Tony’s assessment of Zenia is not unwarranted. Her husband West,an ex-boyfriend of Zenia, was also wrested from her, and she concludes that “Zenia likes challenges. She likes breaking and entering, she likes taking things that aren’t hers. Billy, like West, was just target practice. She probably has a row of men’s dicks nailed to her wall, like stuffed animal heads.”
While it seems that Zenia has a predatory and parasitic relationship with the three of them, in reality, the nature of it is more symbiotic. It is Zenia who binds them together against her. But what is more complex is that they need Zenia in order to define themselves.Read more ›
The backstories of Tony, Charis and Roz are detailed and take up the majority of words in The Robber Bride. While their characters are well explored the character of Zenia is somewhat of a mystery. Even the conclusion of the book is not well defined and has an air of mystery. Throughout the book, things are not really all that they appear to be in each of the women. How much is each of them responsible for the events that happened?
This is a book that requires some thinking about to really fully appreciate its messages that Atwood is conveying. While Tony, Charis and Roz appear to loathe Zenia but they are obviously strongly connected to her and even demonstrate loyalty to her. I think The Robber Bride would make an excellent book club choice as it would easily provoke a lot of discussion about the relationships between the four women.
Its major strength surely lies in the highly skilful interlocking of themes and narrative technique and structure. The lives of three different women, Toni, Charis and Roz, have been ransacked in various unsavoury ways by the baleful influence of the mysterious Zenia. The reader is given ample opportunity to see things from the points of view of three characters with highly contrasted personalities and attitudes to life in general, and as a result is gradually led to realise that, while all three women are in many ways likeable, none of them is perhaps one hundred per-cent trustworthy...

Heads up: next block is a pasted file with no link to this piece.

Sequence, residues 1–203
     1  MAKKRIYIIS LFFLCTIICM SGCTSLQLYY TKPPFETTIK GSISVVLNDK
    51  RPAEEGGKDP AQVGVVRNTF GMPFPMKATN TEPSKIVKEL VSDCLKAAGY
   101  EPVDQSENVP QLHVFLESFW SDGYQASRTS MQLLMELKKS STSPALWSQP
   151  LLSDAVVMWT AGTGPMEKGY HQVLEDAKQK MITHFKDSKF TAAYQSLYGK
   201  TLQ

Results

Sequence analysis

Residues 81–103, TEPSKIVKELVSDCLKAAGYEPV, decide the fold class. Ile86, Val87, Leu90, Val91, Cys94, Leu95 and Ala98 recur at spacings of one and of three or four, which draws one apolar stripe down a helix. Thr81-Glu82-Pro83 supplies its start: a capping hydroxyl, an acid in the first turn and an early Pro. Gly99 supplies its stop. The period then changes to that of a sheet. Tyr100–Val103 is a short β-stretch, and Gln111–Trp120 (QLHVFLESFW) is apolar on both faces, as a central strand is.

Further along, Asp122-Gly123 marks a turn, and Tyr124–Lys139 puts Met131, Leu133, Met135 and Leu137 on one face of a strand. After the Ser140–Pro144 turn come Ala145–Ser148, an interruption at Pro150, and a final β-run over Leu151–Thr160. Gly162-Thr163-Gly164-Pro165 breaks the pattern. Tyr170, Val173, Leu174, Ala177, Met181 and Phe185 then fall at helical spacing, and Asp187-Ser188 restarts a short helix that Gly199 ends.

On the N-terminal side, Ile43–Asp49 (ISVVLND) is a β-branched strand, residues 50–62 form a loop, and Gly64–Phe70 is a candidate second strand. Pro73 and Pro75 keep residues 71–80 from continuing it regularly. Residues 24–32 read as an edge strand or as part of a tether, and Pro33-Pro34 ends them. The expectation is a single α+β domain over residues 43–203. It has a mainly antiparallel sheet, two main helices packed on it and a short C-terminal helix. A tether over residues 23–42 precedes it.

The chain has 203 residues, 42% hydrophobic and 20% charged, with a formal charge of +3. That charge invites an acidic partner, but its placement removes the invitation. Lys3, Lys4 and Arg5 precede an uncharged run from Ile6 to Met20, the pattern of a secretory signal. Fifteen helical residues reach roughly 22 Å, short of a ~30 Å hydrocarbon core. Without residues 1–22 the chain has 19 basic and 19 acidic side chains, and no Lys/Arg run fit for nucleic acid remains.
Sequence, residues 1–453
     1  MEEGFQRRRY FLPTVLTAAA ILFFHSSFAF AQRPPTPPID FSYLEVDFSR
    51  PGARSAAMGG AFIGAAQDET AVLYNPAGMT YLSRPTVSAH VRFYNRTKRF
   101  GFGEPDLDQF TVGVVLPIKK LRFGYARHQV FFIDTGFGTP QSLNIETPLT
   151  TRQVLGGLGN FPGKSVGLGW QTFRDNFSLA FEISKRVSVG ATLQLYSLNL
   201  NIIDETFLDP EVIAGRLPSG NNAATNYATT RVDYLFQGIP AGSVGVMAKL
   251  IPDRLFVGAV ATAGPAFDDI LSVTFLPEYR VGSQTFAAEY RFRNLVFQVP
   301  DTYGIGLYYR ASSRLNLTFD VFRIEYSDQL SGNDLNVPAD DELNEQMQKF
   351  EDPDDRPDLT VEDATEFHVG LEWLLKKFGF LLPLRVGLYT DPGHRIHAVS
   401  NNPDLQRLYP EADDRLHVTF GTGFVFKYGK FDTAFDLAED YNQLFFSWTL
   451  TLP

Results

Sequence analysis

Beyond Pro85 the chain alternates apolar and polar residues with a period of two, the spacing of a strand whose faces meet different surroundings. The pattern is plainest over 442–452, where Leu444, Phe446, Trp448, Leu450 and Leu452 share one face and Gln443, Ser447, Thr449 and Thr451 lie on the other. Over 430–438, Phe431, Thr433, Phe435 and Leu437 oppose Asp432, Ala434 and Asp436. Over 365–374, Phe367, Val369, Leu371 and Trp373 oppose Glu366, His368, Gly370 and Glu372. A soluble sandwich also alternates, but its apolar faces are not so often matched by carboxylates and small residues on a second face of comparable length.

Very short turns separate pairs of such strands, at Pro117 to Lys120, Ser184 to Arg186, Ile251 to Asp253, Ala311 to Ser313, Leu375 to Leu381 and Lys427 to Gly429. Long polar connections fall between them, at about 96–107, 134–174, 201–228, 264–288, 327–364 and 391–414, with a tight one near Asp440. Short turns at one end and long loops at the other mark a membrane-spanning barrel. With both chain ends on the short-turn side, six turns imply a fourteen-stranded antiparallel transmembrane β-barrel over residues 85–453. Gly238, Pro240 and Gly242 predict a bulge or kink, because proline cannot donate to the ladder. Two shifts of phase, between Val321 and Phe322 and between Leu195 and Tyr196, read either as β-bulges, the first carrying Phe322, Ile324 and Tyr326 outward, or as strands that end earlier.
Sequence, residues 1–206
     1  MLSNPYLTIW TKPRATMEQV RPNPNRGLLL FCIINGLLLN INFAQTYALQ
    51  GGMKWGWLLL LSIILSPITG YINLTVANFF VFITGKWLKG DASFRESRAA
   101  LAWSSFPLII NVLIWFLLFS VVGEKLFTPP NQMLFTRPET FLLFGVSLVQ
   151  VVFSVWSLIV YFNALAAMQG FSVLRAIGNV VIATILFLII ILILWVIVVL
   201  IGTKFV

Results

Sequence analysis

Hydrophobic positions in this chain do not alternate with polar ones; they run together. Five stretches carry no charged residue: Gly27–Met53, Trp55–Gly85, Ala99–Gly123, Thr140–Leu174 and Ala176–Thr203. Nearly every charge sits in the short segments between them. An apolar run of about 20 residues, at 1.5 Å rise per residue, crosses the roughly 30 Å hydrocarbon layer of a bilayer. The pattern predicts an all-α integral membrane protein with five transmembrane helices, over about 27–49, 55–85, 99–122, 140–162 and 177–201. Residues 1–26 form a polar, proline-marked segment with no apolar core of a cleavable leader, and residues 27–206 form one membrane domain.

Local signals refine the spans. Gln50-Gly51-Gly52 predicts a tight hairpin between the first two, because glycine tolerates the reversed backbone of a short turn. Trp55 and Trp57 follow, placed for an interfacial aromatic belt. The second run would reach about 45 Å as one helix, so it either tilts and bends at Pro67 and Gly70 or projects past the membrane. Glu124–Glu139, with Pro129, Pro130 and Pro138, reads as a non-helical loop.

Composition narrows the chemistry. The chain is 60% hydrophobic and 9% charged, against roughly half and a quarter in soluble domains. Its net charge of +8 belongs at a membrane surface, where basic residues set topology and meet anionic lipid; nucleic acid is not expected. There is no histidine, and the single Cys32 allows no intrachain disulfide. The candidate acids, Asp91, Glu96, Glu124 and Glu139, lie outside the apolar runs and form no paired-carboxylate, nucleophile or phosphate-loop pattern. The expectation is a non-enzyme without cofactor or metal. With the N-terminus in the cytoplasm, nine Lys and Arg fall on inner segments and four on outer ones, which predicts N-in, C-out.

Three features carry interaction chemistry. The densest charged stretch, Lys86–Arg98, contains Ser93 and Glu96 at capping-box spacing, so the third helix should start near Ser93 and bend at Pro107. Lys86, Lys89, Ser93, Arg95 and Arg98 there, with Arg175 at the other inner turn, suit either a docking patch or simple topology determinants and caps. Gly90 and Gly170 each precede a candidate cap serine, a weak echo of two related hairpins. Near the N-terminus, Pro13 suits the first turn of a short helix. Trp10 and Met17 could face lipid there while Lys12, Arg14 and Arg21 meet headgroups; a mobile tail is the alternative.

Many articles and reviews have set out to establish what "really" happens in this novel, who, if anyone, is "really" responsible for what happens in the end. This surely misses the point, which is that subjective interpretations of "reality" inevitably and by definition clash with and contradict one another. And, after all, perhaps Zenia, like the witches in "Macbeth", doesn't "really" exist as any more than a personification or metaphor of the neuroses, uncertainties and vulnerabilities of the other characters?
Margaret Atwood heaps up the images which correspond to the chaos and fragility of our inner lives, and alludes very deftly to the fact that so much of what we do and how we behave corresponds to largely anarchic impulses, rather than to rational, planned behaviour.
I haven't yet read "Oryx and Crake", but I put this firmly at the top of the list of Atwood's novels. Although it wasn't shortlisted - five of her others have been, including "Oryx and Crake" and "The Blind Assassin", which went on to win in 2000 - this, for me, is the one that really deserved the Booker.
Most Recent Customer Reviews
I loved The Robber Bride. Atwood offers a seemingly ordinary tale of Zenia, a femme fatale and the three women whose lives and men she destroys. Read morePublished on 18 Jan. 2015 by Pamela Scott
The Robber Bride is a undoubtedly a fascinating story of female villainy, the machinations of a woman's mind and human depravity. Read morePublished on 5 Nov. 2014 by Mtutuzeli Nyoka
Poor quality - Not as described and a different, older cover to that advertised so very disappointing.Published on 5 Oct. 2014 by Pen Name